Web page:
Democrats also have the advantage of having decided earlier to adopt a virtual format, while Republicans wasted many weeks searching for venues that would accommodate Trump’s vain insistence on speaking to a large crowd of supporters.

We will see next week if and how well the Republicans have caught up.

One other advantage of a virtual convention is that riffs between the far left and more moderate factions with the party will be on display little this week. Bound by their shared desperation to defeat Trump, and carefully negotiated platform language, they seem committed to presenting a united front behind Biden and his newly named running-mate, California Sen. Kamala Harris.

We will hear from the expected “closers,” Michelle and Barack Obama, Dr. Jill Biden and, of course, Harris and Biden themselves. We will hear from some of Biden’s vanquished opponents, led by Vermont Sen. Bernie Sanders, from an apostate Republican, former Ohio Gov. John Kasich, and the young progressive icon, New York Rep. Alexandria Ocasio-Cortez. There will be celebrity hosts and everyday Americans, together painting a portrait of a diverse America.

Format notwithstanding, the strategic goal of these conventions will be the same as ever. Each side will tell their version of where we are, where we ought to go, and why their standard-bearer is the best positioned to take us to a better place that the other side will not.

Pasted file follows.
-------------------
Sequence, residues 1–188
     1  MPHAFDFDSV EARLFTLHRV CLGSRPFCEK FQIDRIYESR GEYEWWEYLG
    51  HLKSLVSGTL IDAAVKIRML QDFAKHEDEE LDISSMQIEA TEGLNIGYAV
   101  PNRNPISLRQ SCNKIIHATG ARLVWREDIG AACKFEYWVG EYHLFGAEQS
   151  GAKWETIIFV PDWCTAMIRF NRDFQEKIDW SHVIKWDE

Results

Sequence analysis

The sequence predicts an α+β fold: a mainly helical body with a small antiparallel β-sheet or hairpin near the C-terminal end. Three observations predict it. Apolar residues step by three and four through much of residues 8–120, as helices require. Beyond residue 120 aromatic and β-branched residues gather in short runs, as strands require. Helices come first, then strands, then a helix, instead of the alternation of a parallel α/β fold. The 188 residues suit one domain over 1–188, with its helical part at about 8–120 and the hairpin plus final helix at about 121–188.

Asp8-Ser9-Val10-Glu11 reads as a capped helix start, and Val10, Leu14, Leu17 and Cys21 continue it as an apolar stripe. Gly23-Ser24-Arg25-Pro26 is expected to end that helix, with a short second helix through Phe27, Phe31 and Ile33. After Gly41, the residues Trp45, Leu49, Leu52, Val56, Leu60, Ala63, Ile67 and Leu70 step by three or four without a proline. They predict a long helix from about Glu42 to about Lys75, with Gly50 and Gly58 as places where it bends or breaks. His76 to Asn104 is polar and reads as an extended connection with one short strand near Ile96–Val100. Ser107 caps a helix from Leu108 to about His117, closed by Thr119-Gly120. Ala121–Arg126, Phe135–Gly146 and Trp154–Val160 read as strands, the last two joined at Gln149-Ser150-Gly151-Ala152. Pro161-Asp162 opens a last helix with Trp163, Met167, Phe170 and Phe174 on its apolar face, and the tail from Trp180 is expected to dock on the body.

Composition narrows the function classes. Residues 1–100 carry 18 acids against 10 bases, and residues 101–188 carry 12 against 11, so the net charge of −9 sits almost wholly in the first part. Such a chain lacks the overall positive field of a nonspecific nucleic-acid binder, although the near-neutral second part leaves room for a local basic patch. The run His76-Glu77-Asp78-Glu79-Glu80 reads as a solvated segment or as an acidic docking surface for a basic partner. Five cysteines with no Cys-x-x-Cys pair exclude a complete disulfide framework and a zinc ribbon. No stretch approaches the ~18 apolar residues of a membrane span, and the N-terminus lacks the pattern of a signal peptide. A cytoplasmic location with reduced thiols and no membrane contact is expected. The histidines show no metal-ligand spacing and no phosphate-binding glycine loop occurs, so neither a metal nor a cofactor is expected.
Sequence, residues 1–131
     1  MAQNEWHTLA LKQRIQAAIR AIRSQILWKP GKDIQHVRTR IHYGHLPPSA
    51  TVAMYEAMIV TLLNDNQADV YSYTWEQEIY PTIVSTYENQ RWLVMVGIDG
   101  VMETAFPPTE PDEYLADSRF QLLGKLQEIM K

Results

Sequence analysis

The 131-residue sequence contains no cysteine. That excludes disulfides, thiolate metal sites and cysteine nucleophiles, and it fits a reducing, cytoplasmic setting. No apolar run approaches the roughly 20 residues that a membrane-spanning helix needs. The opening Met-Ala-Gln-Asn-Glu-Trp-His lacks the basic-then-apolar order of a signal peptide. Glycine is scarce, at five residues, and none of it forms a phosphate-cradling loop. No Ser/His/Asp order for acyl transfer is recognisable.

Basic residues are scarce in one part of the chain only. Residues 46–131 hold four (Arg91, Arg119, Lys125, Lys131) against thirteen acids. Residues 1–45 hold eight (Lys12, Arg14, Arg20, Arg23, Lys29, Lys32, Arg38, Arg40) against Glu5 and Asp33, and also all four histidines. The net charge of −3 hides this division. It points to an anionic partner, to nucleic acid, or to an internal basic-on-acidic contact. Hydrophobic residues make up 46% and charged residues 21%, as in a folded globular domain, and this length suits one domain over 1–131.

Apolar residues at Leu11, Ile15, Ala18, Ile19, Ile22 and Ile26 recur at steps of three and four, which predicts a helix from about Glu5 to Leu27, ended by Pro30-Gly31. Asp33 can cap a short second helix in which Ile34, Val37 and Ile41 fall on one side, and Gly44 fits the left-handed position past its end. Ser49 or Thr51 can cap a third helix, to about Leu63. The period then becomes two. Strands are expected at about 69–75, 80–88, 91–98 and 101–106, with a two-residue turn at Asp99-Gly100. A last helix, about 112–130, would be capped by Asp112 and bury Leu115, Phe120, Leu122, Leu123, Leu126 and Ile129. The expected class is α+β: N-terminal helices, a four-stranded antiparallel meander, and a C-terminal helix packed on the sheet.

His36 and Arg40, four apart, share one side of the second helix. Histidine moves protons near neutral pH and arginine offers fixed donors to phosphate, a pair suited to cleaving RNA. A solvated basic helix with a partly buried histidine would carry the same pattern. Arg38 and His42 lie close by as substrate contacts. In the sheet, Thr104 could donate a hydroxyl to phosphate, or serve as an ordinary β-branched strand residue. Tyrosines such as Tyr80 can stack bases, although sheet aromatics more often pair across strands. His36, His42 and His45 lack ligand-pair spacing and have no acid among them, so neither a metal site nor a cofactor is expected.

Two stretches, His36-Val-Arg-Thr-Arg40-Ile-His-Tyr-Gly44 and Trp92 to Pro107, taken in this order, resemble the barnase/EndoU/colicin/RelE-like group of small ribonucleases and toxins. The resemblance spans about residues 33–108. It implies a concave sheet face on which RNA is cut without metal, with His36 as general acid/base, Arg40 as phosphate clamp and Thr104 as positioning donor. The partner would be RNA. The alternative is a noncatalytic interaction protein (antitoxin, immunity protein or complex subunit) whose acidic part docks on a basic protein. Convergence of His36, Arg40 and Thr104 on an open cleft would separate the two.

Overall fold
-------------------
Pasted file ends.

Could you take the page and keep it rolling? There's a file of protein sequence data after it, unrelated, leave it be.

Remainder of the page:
And they both may be talking a lot about the same man.

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    For Biden, the task is to fully introduce himself to the nation and offer reassurance that he is the calm, steadying, decent leader many Americans seek.

    For an embattled Trump, about whom many Americans already have made up their minds, next week’s convention will be a lot about tearing Biden down.

    The race will not be won or lost in the next two weeks. But virtual or not, they will be important signposts along the way to the election this November.